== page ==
• The Caliphate was a de facto client of the Empire, at first. Mu'awiya started minting his own coinage in Syria, but only put his own name on it after defeating 'Ali for the East. He did not bother with the Negev nor with Byzantium proper, (p. 159, 161) and the Empire left ambiguous whether the Arabs would keep their empire until 680 CE (when the Church - on behalf of the state - shifted doctrines against provincial Byzantine loyalists). (pp. 159-160)
  • Marwanid wars with Byzantium were phony wars - comparable to "army exercises". (p. 167) Pirenne is wrong; there was trade between the two sides. (p. 163-165)

The reason? The Emperor didn't control his own bureaucracy. It decided what the Emperor knew. The Emperor typically took charge violently, and tended to be ignorant of policy. This enabled the civil service, powerful businessmen, and great lords to run the Empire according to Constantinople's interests - not those of its provinces. (pp. 18-21) These interests were to divert Near Eastern trade from the Levantine coast through to Constantinople. Once said coast was in the hands of a "hostile" party - the Arab Caliphate - the Empire could legally blockade its own former ports without having to deal with provincial complaints. (p. 165)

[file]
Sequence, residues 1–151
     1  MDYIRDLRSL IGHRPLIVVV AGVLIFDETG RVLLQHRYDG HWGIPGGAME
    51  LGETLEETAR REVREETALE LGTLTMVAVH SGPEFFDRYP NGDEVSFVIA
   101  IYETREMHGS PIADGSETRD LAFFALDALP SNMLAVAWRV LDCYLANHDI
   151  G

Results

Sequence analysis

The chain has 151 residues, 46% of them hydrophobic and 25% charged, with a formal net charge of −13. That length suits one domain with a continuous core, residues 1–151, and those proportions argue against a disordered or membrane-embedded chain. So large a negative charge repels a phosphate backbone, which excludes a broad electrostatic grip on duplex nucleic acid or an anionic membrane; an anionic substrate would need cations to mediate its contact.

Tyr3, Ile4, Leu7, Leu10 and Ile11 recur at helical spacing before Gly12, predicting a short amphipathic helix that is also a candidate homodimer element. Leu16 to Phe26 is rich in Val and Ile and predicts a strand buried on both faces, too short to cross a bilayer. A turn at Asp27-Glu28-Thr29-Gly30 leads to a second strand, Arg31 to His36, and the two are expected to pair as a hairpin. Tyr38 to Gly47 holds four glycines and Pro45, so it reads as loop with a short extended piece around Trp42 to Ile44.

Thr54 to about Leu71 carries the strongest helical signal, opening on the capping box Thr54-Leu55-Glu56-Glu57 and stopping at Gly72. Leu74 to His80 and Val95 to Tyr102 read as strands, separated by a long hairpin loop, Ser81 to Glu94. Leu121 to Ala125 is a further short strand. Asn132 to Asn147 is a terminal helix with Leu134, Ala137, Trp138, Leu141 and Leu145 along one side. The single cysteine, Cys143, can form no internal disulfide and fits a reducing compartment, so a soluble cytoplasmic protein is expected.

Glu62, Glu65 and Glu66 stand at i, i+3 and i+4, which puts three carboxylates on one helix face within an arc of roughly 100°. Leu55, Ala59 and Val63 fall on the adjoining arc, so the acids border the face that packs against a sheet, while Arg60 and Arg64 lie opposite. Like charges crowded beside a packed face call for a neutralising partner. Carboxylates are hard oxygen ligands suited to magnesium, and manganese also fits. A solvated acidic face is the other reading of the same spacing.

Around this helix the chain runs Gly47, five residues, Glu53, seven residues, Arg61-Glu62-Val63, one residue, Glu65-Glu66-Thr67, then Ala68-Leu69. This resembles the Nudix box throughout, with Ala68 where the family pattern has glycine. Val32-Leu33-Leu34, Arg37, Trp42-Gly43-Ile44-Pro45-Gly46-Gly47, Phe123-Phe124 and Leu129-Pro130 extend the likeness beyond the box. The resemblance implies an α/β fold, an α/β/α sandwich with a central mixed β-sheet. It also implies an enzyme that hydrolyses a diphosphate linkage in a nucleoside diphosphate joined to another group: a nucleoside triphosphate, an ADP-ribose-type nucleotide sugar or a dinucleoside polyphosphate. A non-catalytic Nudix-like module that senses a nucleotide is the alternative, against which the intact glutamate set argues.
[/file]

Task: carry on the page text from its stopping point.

To carry out this grand strategy, Constantinople ensured that, firstly citizenship was associated with Orthodox belief, and secondly Orthodoxy was to be defined and enforced in a way unacceptable to local belief - for example by rendering local saints (Nestorius, Theodoret, etc) posthumous heretics.

Constantinople also ensured the borders were kept on edge, so that the Byzantines could claim them as "indefensible". To do so it provoked silly wars with Persia. The borders were of course not in any natural danger; when the Empire had to fight Persia (in the 600's, say), it won a victory so crushing that the Arabs had no problem filling the vacuum. (p. 23)

Oh, and Constantinople imported Arabs into the provinces. Lots of Arabs. (pp. 71-75) They were trained to maintain the provinces, so when the Empire did walk away, the Arabs simply kept taxing the place on their own authority. (p. 23, 97-98)

And here is the kicker - the entire policy was kept secret for centuries. To provincials loyal to Rome, it was incomprehensible that Rome should give up lucrative provinces to desert barbarians. But Nevo and Koren say that these provinces were more lucrative to the right people if the provinces were outside the Empire than if inside.

If Nevo and Koren are right, this ranks among the greatest and most successful conspiracies in history. And among the greatest betrayals.

UPDATE 2/18/2017: From April 2004, there was some violence. But against that let's also consider the distaff side of Oriental Late Antiquity.

posted by Zimri on 15:12 | link | 0 comments